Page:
The original inspiration for this project came from a conversation at a conference on how to teach neuroscience to undergraduates. In the course of trading ideas with another attendee, I began describing the live version of this rat spinal cord lab. I told her, "this is a great lab, even if you just want to get male versus female differences. You snip the spinal cords out, you cut them, you stain them, you count the cells, it works every time." She responded, "I couldn't possibly do that. I don't have tools to cut tissue. I don't have microscopes." I once taught at an institution like that--my lab was four bare walls, and there was no budget. So I began thinking about how I could make this something that was accessible to anyone with a computer, and it occurred to me that I could digitize the images.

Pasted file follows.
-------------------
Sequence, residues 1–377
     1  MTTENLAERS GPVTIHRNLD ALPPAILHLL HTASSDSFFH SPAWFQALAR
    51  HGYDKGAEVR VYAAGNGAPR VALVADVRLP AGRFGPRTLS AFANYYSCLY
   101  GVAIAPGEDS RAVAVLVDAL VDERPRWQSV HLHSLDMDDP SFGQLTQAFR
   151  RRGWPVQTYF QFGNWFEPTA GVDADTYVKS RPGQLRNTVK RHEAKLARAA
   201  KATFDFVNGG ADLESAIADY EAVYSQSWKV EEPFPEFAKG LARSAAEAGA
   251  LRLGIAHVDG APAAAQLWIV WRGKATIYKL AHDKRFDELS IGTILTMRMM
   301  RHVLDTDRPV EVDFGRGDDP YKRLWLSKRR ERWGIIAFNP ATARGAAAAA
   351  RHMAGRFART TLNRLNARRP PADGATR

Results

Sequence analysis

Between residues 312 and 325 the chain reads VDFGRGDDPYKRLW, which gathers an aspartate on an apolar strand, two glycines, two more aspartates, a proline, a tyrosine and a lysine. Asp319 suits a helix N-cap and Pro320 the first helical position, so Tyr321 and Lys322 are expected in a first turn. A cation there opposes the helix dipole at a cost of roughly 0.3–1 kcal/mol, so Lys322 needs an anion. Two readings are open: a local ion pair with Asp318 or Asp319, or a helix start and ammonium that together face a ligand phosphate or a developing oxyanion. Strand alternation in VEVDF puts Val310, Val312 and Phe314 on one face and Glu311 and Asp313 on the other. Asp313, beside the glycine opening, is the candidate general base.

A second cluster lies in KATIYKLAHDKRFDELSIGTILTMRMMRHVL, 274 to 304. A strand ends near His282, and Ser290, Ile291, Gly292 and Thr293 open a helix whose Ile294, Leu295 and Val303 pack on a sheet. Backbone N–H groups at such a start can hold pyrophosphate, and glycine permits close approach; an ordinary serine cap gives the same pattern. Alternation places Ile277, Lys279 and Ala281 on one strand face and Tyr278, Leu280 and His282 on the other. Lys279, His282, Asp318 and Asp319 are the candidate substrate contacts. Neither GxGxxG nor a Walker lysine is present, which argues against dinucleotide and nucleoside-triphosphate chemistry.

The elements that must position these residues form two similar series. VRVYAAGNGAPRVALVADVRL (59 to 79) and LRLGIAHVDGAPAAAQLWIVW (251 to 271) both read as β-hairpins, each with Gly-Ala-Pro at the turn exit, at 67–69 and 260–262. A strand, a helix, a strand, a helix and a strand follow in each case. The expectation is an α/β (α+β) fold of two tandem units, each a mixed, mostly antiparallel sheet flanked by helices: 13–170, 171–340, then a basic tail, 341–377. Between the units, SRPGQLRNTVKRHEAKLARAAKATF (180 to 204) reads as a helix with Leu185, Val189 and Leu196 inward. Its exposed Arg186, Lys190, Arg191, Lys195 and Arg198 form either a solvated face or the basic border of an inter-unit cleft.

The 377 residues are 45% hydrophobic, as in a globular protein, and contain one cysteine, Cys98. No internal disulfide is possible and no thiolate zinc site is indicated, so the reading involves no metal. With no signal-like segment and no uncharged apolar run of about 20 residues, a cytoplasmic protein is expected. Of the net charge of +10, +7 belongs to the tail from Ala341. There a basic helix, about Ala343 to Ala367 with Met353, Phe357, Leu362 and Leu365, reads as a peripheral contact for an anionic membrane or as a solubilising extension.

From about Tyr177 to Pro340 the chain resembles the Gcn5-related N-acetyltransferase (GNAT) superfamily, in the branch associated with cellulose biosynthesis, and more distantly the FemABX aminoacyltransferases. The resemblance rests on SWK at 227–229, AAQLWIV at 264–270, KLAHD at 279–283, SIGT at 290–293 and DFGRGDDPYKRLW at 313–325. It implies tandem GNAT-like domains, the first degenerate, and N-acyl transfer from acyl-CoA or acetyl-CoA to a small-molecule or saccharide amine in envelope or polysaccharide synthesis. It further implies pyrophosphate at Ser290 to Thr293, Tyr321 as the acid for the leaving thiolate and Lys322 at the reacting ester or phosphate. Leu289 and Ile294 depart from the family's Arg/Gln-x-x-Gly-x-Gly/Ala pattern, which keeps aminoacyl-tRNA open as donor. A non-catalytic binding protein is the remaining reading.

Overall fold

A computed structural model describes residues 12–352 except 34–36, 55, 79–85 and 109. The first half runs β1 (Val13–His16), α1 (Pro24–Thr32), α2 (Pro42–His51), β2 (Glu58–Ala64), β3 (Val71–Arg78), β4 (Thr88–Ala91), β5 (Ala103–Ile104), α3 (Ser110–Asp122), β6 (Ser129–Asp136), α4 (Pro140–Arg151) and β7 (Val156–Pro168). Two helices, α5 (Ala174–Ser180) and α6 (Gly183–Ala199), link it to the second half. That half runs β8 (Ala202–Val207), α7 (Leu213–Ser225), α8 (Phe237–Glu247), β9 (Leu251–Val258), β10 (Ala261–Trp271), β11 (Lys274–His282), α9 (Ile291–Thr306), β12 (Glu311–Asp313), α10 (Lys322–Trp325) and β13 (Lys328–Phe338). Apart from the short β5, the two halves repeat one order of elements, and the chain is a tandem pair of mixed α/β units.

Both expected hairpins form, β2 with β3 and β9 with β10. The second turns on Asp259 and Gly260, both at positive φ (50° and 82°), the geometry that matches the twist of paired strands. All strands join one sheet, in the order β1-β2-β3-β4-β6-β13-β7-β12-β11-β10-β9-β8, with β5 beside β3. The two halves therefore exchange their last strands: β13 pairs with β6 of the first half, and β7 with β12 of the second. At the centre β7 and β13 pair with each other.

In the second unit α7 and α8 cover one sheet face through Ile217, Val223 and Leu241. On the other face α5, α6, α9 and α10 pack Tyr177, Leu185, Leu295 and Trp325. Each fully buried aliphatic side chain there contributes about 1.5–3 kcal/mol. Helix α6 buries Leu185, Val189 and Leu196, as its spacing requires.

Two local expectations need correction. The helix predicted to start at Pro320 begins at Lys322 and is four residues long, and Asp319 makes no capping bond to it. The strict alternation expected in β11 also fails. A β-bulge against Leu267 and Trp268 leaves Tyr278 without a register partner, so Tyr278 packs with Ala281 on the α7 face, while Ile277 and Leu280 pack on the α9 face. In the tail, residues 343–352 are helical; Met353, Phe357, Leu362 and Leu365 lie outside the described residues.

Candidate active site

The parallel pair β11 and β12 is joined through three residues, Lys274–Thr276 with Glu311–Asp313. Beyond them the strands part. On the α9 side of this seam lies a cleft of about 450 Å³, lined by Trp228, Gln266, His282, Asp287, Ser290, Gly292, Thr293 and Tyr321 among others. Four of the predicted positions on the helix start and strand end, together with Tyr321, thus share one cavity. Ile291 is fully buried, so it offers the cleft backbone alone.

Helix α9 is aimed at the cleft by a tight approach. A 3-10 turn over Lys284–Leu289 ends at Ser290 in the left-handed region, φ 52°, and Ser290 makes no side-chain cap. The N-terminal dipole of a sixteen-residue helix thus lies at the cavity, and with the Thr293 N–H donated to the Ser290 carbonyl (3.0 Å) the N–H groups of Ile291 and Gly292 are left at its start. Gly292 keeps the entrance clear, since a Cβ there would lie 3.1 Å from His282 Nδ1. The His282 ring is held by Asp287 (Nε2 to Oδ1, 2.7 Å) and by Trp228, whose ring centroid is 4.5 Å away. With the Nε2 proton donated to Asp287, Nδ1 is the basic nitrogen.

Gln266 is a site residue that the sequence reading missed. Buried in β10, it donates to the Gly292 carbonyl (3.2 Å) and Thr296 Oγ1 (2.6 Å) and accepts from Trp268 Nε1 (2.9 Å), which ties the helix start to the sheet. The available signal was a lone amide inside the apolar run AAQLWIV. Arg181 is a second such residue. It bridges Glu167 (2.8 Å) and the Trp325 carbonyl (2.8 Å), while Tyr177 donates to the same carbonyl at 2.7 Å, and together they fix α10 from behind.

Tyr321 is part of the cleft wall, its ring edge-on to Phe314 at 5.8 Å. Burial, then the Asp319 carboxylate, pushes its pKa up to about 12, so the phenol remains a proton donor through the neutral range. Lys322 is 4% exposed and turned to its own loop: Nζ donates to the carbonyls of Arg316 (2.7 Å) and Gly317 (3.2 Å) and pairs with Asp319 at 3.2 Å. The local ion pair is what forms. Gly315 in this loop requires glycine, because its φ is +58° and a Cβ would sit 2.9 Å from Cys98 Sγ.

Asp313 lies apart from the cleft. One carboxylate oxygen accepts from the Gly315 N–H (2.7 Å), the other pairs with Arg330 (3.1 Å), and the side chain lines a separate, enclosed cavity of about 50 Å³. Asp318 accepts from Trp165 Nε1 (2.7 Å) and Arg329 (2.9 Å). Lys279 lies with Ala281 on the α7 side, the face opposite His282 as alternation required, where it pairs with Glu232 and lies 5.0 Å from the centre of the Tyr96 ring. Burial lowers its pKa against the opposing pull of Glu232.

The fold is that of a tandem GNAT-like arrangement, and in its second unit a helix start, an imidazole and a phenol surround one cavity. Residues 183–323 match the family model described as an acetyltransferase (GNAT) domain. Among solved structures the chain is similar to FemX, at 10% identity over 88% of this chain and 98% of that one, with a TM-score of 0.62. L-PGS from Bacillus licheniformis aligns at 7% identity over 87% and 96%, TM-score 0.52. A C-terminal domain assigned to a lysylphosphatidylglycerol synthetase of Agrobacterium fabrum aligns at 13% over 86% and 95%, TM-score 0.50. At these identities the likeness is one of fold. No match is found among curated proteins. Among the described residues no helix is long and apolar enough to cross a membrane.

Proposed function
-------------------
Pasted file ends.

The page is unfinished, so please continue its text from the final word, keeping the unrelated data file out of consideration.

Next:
The process was actually pretty cheap. I started doing it myself, because I thought I could do it in a weekend. When I realized I couldn't, I had a work-study student working on it for a while. She got interested in it, and ended up doing a student research project in which she tried to replicate the original experiment. I didn't want to put it out there for everyone if it didn't work. As we did a little bit of sampling, it turned out that to digitize each and every last section was going to take a huge amount of storage space, so we selected every fourth. In the end she analyzed the pictures in a blind test, and demonstrated that the experiment would still work using the selection of images in the archive. I'm currently working with the same student to develop a module on the bird song system, which also has big sex differences and is affected by hormones early in development. Other faculty have created experimental modules for use with NIH Image--students are examining images of mouse brains in the Quantitative Trait Loci (QTL) module developed by Jack Beatty, for example. In addition, there is a project in the works to develop a lab in which students analyze sex differences in human brains by examining structural MRI images.